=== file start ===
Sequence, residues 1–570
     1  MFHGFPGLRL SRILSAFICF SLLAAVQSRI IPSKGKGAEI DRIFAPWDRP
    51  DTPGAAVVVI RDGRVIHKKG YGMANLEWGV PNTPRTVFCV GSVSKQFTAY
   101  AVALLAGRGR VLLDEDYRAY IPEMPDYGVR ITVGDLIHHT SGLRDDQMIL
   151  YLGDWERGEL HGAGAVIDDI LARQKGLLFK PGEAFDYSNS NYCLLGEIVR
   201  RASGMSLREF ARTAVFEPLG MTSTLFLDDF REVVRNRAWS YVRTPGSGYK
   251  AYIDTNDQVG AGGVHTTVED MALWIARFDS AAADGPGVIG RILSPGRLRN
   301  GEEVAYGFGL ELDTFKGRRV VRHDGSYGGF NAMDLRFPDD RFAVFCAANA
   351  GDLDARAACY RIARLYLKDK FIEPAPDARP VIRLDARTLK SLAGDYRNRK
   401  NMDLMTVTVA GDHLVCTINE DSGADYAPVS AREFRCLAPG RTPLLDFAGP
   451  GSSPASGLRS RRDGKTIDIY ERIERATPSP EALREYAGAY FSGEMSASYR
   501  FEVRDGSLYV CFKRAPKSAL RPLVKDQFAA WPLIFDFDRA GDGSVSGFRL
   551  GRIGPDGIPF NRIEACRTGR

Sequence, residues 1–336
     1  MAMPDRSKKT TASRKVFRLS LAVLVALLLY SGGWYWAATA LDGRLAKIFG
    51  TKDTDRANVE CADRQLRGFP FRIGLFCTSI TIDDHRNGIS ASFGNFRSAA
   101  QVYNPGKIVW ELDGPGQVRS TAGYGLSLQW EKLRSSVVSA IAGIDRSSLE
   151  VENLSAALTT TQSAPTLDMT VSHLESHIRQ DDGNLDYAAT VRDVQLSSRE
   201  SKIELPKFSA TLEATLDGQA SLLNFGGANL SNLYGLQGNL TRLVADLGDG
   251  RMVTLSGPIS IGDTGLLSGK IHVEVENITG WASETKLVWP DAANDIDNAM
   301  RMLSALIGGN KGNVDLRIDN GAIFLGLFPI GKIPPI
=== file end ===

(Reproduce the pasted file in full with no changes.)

Sequence, residues 1–570
     1  MFHGFPGLRL SRILSAFICF SLLAAVQSRI IPSKGKGAEI DRIFAPWDRP
    51  DTPGAAVVVI RDGRVIHKKG YGMANLEWGV PNTPRTVFCV GSVSKQFTAY
   101  AVALLAGRGR VLLDEDYRAY IPEMPDYGVR ITVGDLIHHT SGLRDDQMIL
   151  YLGDWERGEL HGAGAVIDDI LARQKGLLFK PGEAFDYSNS NYCLLGEIVR
   201  RASGMSLREF ARTAVFEPLG MTSTLFLDDF REVVRNRAWS YVRTPGSGYK
   251  AYIDTNDQVG AGGVHTTVED MALWIARFDS AAADGPGVIG RILSPGRLRN
   301  GEEVAYGFGL ELDTFKGRRV VRHDGSYGGF NAMDLRFPDD RFAVFCAANA
   351  GDLDARAACY RIARLYLKDK FIEPAPDARP VIRLDARTLK SLAGDYRNRK
   401  NMDLMTVTVA GDHLVCTINE DSGADYAPVS AREFRCLAPG RTPLLDFAGP
   451  GSSPASGLRS RRDGKTIDIY ERIERATPSP EALREYAGAY FSGEMSASYR
   501  FEVRDGSLYV CFKRAPKSAL RPLVKDQFAA WPLIFDFDRA GDGSVSGFRL
   551  GRIGPDGIPF NRIEACRTGR

Sequence, residues 1–336
     1  MAMPDRSKKT TASRKVFRLS LAVLVALLLY SGGWYWAATA LDGRLAKIFG
    51  TKDTDRANVE CADRQLRGFP FRIGLFCTSI TIDDHRNGIS ASFGNFRSAA
   101  QVYNPGKIVW ELDGPGQVRS TAGYGLSLQW EKLRSSVVSA IAGIDRSSLE
   151  VENLSAALTT TQSAPTLDMT VSHLESHIRQ DDGNLDYAAT VRDVQLSSRE
   201  SKIELPKFSA TLEATLDGQA SLLNFGGANL SNLYGLQGNL TRLVADLGDG
   251  RMVTLSGPIS IGDTGLLSGK IHVEVENITG WASETKLVWP DAANDIDNAM
   301  RMLSALIGGN KGNVDLRIDN GAIFLGLFPI GKIPPI